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Regurgitation in Cats

By: Dr. Bari Spielman

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Regurgitation is the backward flow or effortless evacuation of fluid, mucus, or undigested food from the esophagus. Unlike vomiting, it is not accompanied by nausea and does not involve forceful abdominal contractions. It is a symptom of esophageal disease and not a disorder in itself.

The timing of regurgitation in relation to eating is determined by the location of esophageal dysfunction, degree of obstruction, and presence or absence of esophageal dilatation.

  • Regurgitation immediately after eating is most likely to occur with proximal esophageal lesions or esophageal obstruction.

  • Regurgitation may be unassociated with eating when the esophagus is dilated, because this provies a reservoir for food and fluid.

  • Selective retention of fluids over solid food is more likely with partial obstruction.

    Causes of regurgitation fall into two categories:

  • Esophageal structural disorders – which include foreign bodies, stricture and vascular ring anomaly

  • Esophageal motility disorders – which include megaesophagus

    What to Watch For

  • Weight loss
  • Coughing
  • Difficulty breathing
  • Lethargy

    Veterinary Care

    Care should start with a discussion with your veterinarian who will obtain a medical history about your pet. The initial differentiation between vomiting and regurgitation is important because, not only are different organs involved, but also different diagnostic techniques and therapeutics are warranted. Diagnostic tests and treatment should follow.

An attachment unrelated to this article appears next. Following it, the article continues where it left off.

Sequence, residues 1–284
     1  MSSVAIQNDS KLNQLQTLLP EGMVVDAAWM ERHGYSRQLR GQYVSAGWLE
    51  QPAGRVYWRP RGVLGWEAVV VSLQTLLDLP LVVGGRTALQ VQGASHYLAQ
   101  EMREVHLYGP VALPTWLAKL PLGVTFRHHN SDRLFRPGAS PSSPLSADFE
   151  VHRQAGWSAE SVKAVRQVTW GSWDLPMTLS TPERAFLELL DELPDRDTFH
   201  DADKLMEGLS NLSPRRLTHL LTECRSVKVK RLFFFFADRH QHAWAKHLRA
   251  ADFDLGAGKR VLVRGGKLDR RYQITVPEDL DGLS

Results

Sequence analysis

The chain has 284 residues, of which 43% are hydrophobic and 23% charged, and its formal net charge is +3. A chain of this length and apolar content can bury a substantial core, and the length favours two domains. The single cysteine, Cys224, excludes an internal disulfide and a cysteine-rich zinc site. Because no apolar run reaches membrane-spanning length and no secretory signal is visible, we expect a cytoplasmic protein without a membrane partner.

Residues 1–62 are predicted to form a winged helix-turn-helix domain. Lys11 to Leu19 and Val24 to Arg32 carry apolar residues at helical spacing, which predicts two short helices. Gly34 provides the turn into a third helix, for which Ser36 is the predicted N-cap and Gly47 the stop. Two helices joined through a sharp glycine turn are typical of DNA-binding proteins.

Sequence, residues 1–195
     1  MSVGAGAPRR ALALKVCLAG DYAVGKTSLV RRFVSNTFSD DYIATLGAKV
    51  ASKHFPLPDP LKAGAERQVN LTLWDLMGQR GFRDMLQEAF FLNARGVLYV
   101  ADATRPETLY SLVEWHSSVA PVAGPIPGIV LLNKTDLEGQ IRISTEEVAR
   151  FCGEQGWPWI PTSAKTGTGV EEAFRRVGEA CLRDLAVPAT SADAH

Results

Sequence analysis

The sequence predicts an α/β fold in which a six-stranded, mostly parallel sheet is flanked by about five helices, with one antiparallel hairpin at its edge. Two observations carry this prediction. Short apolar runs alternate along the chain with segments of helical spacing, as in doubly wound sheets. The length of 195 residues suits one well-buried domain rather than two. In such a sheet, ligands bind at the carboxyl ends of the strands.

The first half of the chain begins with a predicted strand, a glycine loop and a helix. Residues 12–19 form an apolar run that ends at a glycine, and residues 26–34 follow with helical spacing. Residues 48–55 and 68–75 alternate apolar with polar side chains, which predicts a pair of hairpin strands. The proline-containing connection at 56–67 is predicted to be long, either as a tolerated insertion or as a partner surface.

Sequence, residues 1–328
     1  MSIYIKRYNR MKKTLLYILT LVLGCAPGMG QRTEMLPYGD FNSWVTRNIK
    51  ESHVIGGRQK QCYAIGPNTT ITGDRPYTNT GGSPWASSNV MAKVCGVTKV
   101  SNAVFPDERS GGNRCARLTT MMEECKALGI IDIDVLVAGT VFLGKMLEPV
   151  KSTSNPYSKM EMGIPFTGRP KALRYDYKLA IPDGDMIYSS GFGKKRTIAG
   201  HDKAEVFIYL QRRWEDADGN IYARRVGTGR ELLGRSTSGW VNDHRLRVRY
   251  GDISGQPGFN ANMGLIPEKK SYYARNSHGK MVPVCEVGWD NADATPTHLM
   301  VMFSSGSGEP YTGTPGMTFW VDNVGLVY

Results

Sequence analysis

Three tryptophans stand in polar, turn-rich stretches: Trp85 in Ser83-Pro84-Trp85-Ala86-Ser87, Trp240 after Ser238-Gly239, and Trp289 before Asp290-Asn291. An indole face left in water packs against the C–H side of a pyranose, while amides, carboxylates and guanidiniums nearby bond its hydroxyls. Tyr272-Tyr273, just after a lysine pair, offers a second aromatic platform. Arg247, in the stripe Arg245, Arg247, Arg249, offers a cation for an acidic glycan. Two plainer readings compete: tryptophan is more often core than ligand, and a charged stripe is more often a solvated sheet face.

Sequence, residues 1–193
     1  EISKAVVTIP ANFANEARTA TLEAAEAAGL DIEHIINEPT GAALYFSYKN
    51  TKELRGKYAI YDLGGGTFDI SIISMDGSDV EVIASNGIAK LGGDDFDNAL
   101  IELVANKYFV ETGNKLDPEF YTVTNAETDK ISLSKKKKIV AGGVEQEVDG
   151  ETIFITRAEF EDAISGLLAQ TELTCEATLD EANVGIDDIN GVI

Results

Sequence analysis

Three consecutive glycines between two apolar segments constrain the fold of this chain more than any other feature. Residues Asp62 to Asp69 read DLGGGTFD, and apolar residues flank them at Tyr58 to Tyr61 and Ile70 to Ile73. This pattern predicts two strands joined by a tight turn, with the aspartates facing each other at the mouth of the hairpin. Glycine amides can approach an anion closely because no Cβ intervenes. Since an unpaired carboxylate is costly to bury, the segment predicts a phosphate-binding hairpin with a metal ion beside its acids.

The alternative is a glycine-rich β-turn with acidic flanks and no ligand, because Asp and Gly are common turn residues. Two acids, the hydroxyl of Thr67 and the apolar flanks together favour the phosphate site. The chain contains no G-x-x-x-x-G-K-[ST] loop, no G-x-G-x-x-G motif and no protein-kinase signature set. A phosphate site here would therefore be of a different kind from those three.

Diagnostic tests are usually needed to determine the cause of regurgitation. A thorough medical history is of paramount importance, confirming that your pet is regurgitating and not vomiting. A thorough physical examination is always necessary as well. Diagnostic tests may include:

  • Complete blood count (CBC)
  • Biochemical profile
  • Urinalysis
  • Endocrine testing (ACTH stimulation, thyroid profile)
  • Thoracic (chest) radiographs (X-rays)
  • Acetylcholine receptor antibody test, antinuclear antibody testing
  • Electromyography and muscle biopsy
  • Esophagram (barium swallow)
  • Fluoroscopy
  • Esophagoscopy
  • Blood lead and/or organophosphate levels


    Treatment of the regurgitating patient can either be supportive or specific, where the latter can be instituted when a known underlying cause is identified. Supportive therapy may consist of the following:

  • Dietary modification

  • Gastrointestinal motility (movement) enhancing drugs

  • Acid blocking agents and esophageal/gastric coating agents in cases of suspect or associated esophagitis

  • Hospitalizing and restoring fluid and electrolyte balance and nutritional support in the severely ill patient

  • Antibiotic therapy in cases of pneumonia

    Home Care

    Home care recommendations depend on the underlying cause of the problem. The following general recommendations should be considered:

  • Administer all prescribed medications and practice the directed feeding instructions.

  • Watch very closely for signs that might suggest secondary pneumonia, which include labored breathing, coughing and/or general lethargy and a poor appetite.

  • Pay close attention to the body condition of your pet. Maintaining an appropriate nutritional plan can sometimes be difficult in these animals.

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